“We lost this super-vital hive,” Riepenhoff said. “When it first happened, I was really private about it, and obviously whenever there is a spectacle, the media wants to talk to somebody, and I just didn’t really want to talk to anybody, because it was a time of contemplation. Obviously, I was really happy that none of my friends died or got hurt too badly in the fire, and that was the main concern.” The gallery opened in a different location in the neighborhood but, he said, “we never totally recovered from that fire, and every time I go by that site I’m just like, ‘Oh god I wish I had a warehouse in Riverwest,’ and I still don’t have that.”

It was also in 2012 that Palmert moved to New York and became the director of Reena Spaulings Fine Art; to this day, he continues to co-run the Green Gallery remotely. “The Green Gallery doesn’t need to operate like a normal gallery,” he said. “New York galleries, based on my experience there, are very territorial. And I realized that the Green Gallery doesn’t have that confinement, because of our geography,” he said.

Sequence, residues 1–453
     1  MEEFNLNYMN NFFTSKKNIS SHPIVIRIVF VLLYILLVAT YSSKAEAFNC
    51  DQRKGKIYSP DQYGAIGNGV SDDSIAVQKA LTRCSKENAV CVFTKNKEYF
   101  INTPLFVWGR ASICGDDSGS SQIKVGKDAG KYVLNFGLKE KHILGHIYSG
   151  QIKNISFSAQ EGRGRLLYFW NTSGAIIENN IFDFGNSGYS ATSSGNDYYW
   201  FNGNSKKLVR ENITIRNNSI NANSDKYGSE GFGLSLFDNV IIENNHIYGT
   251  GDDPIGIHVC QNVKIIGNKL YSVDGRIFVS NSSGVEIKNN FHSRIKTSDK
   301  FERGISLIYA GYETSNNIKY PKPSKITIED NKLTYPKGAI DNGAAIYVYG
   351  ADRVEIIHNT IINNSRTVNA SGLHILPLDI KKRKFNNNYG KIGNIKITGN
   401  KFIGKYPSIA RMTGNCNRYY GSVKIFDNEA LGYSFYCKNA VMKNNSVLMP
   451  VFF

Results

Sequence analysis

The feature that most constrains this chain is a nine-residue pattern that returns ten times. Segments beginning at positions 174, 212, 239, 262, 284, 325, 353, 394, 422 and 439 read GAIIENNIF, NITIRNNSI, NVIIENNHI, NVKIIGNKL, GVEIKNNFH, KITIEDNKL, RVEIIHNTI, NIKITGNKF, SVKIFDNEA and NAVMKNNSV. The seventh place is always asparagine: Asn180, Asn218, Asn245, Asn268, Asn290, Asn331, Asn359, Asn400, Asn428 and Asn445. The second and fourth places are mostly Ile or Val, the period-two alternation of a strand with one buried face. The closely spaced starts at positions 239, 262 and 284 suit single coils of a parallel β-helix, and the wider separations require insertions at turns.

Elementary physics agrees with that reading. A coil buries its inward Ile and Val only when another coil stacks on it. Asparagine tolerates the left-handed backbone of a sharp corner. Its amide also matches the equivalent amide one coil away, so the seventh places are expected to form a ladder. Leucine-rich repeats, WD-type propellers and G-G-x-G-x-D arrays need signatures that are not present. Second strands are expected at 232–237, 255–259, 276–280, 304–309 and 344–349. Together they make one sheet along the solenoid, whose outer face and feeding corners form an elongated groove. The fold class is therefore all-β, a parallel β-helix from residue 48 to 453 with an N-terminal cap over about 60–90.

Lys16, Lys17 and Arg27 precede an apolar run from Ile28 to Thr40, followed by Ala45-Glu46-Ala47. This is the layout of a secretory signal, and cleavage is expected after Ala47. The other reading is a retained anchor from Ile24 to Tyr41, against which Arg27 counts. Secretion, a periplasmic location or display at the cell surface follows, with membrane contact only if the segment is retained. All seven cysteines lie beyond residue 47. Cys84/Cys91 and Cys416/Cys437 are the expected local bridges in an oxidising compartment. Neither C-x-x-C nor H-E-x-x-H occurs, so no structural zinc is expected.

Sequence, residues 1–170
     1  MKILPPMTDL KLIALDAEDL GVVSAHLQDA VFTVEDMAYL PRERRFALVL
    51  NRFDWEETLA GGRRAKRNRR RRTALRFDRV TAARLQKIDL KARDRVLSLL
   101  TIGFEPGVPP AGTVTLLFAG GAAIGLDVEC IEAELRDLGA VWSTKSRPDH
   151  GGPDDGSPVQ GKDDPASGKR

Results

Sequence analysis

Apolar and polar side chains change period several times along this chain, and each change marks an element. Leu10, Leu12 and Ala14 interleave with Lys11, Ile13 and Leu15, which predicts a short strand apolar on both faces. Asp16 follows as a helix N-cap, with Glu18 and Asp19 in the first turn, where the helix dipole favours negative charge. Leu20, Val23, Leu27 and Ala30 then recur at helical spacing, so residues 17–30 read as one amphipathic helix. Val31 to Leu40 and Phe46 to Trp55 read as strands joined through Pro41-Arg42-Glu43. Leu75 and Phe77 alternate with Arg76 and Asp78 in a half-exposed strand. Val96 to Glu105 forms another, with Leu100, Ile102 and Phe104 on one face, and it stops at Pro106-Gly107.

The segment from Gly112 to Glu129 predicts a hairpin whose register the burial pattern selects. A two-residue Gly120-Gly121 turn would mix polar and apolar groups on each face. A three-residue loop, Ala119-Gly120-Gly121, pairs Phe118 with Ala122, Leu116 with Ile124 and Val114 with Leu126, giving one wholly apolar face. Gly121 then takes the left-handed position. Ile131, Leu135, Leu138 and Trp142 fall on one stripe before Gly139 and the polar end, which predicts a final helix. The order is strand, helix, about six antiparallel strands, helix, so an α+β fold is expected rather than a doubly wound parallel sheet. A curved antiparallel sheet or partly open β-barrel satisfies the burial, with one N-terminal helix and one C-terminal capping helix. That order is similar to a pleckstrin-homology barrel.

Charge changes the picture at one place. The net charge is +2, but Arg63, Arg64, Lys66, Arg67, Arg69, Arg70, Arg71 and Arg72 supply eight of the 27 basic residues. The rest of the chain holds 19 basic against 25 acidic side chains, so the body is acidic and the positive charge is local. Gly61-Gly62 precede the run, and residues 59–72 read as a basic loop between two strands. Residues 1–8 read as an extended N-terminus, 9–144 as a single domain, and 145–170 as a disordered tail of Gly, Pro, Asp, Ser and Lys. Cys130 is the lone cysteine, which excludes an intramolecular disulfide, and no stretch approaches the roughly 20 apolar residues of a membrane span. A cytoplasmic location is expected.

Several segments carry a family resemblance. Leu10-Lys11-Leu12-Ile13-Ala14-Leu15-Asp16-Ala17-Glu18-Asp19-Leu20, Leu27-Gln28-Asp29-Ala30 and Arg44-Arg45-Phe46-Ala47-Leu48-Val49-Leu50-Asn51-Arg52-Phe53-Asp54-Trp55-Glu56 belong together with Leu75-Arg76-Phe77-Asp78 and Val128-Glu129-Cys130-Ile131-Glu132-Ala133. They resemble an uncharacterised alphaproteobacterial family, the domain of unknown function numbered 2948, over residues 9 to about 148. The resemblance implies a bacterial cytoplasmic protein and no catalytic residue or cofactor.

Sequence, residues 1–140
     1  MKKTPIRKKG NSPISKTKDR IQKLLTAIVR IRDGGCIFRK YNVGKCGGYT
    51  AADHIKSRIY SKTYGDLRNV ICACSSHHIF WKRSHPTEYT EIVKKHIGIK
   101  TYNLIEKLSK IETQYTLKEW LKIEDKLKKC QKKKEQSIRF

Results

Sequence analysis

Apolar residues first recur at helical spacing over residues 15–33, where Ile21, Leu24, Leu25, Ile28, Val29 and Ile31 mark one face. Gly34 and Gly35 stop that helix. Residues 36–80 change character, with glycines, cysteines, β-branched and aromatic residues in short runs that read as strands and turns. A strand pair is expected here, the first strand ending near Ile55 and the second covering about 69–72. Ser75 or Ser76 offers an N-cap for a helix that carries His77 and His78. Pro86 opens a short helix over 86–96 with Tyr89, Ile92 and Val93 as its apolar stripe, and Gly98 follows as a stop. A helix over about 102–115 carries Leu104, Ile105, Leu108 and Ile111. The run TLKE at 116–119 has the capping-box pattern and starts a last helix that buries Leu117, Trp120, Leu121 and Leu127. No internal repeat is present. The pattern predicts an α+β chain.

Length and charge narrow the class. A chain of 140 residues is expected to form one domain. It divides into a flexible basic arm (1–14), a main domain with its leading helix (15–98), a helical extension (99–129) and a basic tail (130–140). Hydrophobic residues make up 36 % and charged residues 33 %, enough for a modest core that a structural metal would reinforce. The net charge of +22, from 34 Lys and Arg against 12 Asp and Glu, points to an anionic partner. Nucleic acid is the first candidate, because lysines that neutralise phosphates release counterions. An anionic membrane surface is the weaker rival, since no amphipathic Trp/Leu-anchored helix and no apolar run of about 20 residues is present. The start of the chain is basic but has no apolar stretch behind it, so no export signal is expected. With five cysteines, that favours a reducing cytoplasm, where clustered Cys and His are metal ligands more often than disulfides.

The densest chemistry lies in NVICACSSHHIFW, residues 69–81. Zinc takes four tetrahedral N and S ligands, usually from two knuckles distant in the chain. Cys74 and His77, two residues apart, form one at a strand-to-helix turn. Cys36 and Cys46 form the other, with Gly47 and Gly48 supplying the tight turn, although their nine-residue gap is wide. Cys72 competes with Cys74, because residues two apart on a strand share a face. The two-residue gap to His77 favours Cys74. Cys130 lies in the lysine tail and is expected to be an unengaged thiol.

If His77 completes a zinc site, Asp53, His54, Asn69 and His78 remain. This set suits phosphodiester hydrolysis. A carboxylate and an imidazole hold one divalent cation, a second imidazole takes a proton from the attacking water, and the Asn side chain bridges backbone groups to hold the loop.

This freedom has allowed for singular projects. Last year New York gallerist Gavin Brown, a retired artist, mounted his first solo show in two decades at the Green Gallery East. “They asked me and I trusted them to not make my re-emergence as an artist into a spectacle,” Brown said over e-mail. “And being in Milwaukee I would in some ways be making an exhibition for myself—to see it exhibited outside of the glare. And recently I have come to believe more in the power of the margins.”